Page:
It is important to find and use evidence that is honest and trustworthy. Evaluate the sources of your evidence to decide if it is trustworthy enough to use. 


    The counterclaim is your opponent's claim that goes against your own claim. The argument is like a sword fight. The opponent is countering your attack with an attack of their own. The counterclaim will show what the other side of the debate thinks. This can be done in its own body paragraph, an opposition paragraph (Kevin deLamplante, 2009), or as part of one of the regular supporting body paragraphs. 

    For example, "Walking might reduce stress chemically, but many people do not live in peaceful areas for walking so it might actually increase stress for those people." this would be a counterargument to the claim "Walking reduces stress." The counterclaim can be the exact opposite "Walking does not reduce stress." or just a sort of opposite "Walking is sometimes good, but [insert any problem with walking here]"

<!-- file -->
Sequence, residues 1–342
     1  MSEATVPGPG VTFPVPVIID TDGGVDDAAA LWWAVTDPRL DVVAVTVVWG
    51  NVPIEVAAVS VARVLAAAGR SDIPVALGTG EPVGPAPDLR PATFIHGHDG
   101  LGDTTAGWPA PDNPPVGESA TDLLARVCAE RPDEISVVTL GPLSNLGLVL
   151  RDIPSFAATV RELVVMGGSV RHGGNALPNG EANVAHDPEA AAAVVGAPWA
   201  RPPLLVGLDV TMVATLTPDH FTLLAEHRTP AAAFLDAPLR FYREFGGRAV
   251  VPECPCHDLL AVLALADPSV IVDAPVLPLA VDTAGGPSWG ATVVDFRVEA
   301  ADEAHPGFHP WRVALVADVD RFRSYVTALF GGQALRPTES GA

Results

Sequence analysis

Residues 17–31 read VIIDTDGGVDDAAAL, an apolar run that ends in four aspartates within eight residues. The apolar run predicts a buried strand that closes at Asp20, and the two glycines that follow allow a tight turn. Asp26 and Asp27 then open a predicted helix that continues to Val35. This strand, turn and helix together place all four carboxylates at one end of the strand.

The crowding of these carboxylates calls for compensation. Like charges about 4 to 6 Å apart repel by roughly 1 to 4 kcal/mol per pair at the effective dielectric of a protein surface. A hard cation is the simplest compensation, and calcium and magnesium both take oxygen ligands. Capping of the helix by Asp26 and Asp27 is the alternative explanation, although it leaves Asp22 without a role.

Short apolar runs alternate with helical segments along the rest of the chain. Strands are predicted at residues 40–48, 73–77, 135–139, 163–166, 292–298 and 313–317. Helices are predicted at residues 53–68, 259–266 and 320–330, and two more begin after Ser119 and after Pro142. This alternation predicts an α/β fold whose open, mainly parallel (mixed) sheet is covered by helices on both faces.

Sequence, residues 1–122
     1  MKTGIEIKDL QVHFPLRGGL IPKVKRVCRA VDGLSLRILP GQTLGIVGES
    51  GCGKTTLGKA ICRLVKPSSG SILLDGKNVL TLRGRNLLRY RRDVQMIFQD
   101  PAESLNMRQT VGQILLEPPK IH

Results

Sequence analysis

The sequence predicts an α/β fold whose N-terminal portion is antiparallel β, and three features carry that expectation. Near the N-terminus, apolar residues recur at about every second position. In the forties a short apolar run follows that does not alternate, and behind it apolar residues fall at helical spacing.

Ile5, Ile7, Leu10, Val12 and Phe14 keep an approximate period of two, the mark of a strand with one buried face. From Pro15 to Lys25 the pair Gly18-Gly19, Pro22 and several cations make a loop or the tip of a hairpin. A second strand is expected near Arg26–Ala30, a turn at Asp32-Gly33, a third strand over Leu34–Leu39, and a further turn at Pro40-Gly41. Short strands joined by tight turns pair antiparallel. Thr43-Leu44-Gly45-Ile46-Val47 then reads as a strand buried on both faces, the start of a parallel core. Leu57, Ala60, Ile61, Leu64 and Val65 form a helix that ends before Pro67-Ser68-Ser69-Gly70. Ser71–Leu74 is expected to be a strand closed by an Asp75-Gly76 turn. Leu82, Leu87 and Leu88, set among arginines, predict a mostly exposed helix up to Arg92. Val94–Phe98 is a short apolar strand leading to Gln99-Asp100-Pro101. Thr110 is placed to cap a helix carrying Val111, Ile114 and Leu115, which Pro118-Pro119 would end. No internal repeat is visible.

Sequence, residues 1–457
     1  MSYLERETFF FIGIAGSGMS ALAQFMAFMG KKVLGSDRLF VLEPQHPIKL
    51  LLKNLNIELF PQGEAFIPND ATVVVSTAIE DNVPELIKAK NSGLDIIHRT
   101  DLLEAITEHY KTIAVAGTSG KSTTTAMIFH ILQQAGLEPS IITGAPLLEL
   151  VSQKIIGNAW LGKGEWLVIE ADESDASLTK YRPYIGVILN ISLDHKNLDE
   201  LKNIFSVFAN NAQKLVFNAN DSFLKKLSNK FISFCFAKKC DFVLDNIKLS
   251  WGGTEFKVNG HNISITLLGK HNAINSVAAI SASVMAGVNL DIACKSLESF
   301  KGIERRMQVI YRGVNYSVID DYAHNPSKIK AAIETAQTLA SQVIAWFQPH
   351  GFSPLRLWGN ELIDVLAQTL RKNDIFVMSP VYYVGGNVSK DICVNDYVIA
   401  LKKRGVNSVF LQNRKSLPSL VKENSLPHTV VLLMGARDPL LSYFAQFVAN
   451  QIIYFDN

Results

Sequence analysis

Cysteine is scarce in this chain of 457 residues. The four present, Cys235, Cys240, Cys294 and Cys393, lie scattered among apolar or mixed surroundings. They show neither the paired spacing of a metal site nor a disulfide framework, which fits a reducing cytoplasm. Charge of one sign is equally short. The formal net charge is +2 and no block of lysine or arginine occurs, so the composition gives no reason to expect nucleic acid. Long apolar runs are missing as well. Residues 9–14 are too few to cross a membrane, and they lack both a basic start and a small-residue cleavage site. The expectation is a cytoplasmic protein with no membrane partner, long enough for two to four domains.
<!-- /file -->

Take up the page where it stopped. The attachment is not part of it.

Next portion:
The rebuttal follows the counterclaim. The rebuttal shows why the counterclaim is actually not that good of an opinion. For example, "Although some areas are not peaceful to walk in, people can either travel to areas that are peaceful or they can use a treadmill. While not everyone may be able to enjoy the benefits of walking due to their location, the stress-reducing benefits of walking still exist. Students just need to find a place to walk to access them."

    Essay Structure

    You may notice that the vocabulary for structuring an argument is different than the words usually used for structuring an essay. You will use the regular parts of an essay like thesis statements, topic sentences, and so on to express your ideas about your claim and reasons and evidence etc. The parts of an essay are the tools you will use to show your argument to the reader.